I noted this morning that British Airways’ newly announced plans to launch Airbus A318 premium transatlantic services from London City to New York were likely to cause pain to Silverjet and EOS. Within a few hours Silverjet was sharp enough to respond – issuing a press release entitled SILVERJET’S SUCCESSFUL BUSINESS MODEL ENDORSED BY BA ANNOUNCEMENT – but not sharp enough to point out the serious weakness in BA’s plan. The service is not non-stop!(Yes, I should have immediately realised that myself. I was in too much of a rush to check the A318 performance, which is borderline transatlantic.) The fact is, as BA quickly had to admit, that westbound flights will need a tech-stop. Eastbound should be OK it seems.
Now it’s absolutely true that London City is a pretty desirable place from which to fly. But a tech-stop 90 minutes or so after take-off (Shannon) or three hours later (Iceland) is not so great, to put it at its gentlest. Concorde it ain’t.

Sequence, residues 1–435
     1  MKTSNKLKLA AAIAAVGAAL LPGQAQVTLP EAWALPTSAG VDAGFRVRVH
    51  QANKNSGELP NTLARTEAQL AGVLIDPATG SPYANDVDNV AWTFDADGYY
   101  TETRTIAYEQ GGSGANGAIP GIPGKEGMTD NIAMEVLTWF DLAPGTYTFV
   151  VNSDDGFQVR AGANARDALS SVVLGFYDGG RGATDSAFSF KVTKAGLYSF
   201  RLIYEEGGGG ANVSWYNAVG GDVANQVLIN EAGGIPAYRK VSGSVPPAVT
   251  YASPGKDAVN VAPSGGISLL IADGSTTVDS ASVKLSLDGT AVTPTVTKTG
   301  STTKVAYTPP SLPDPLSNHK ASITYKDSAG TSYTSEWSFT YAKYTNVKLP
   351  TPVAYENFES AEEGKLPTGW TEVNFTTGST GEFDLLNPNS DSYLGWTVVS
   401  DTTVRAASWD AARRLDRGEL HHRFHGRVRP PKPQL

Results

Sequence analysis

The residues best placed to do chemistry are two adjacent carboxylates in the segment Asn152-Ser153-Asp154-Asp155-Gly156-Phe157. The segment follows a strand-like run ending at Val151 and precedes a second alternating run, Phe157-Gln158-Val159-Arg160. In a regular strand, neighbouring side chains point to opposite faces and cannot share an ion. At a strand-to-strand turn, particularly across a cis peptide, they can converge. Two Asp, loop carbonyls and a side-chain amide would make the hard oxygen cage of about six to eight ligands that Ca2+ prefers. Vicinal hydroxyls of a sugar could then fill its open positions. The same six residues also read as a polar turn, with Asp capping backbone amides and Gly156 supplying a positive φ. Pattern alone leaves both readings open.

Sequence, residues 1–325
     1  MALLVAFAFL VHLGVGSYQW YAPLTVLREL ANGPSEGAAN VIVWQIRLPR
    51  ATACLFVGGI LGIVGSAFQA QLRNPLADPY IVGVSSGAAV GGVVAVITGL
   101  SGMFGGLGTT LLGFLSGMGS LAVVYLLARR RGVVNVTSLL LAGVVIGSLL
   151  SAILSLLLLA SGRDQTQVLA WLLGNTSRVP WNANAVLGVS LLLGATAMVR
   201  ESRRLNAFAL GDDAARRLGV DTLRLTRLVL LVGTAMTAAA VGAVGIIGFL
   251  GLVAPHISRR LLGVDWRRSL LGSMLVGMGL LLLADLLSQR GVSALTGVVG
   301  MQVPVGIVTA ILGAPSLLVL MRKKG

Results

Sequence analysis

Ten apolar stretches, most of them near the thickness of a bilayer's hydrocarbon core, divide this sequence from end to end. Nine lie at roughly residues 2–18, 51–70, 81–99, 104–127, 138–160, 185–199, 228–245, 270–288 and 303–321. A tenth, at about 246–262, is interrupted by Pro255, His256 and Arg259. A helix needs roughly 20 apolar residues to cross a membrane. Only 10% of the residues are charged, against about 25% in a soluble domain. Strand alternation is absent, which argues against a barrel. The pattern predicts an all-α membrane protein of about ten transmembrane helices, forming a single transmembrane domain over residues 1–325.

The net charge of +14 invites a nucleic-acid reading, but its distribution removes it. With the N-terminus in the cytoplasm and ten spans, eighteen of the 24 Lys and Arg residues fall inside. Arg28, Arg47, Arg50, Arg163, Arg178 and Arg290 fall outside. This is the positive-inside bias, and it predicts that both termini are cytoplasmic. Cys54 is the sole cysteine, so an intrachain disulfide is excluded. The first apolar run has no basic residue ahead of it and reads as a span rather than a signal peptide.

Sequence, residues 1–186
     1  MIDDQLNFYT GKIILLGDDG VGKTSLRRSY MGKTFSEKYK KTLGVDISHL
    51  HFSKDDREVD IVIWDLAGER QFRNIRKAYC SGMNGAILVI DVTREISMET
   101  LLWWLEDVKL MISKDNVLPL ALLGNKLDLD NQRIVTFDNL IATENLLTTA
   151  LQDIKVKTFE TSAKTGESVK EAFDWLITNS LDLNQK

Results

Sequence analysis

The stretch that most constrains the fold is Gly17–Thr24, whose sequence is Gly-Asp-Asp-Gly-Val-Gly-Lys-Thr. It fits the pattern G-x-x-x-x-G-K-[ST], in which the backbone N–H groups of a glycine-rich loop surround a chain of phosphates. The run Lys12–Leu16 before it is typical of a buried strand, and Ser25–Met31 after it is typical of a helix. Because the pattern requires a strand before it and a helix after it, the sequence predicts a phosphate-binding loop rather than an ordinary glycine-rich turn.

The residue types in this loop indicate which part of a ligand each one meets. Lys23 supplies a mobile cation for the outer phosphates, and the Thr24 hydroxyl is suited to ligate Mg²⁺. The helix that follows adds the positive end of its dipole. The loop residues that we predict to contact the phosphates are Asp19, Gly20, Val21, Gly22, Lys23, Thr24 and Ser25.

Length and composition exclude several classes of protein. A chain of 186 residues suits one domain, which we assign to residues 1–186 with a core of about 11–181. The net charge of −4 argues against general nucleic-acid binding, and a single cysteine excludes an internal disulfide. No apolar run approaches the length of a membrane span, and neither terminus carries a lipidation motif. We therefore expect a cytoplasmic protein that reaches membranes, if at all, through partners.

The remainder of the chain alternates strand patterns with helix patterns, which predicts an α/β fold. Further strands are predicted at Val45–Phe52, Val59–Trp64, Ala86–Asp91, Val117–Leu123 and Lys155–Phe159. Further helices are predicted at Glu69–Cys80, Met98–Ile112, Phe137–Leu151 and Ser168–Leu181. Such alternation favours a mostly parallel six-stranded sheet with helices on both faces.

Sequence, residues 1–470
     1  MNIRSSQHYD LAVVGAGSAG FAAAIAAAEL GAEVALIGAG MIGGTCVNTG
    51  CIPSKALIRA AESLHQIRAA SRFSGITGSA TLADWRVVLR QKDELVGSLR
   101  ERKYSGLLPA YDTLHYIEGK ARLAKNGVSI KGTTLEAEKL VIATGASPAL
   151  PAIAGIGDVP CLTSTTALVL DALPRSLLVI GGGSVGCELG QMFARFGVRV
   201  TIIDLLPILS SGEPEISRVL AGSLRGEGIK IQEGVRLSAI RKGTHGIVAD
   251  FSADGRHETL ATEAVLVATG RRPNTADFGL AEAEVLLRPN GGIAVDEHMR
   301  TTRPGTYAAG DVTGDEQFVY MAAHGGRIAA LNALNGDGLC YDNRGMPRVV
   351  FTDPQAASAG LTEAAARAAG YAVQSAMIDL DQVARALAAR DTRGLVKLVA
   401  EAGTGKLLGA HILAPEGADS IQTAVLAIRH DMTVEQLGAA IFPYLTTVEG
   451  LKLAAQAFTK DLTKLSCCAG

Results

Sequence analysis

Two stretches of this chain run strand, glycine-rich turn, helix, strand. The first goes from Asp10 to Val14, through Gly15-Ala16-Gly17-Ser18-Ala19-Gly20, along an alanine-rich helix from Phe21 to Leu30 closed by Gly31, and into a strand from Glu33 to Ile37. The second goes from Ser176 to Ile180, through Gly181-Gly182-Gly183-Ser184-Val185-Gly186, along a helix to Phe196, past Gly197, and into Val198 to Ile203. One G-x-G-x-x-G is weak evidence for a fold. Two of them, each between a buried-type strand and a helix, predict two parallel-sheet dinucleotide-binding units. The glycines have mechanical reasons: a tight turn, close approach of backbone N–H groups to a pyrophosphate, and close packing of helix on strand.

Perhaps Silverjet, with its Boeing 767s, was being ultra-clever and believed that the news coming out gradually was more damaging to BA than them saying it themselves. But I suspect not.
Anyway, that’s how it is. Silverjet claims it can get you kerb(curb)side to airside in 15 minutes at Stansted (which sounds amazing, but I haven’t tried it.) If that’s true then BA won’t be able to do any better at LCY, and the fight will come down to old-fashioned stuff like on-board service, reliability, fares, and elapsed time. And there is one possible advantage for BA – in principle at least you can pre-clear US immigration at Shannon. That’s not trivial, but not fantastic either.
The trouble for Silverjet is that BA has profoundly deep pockets.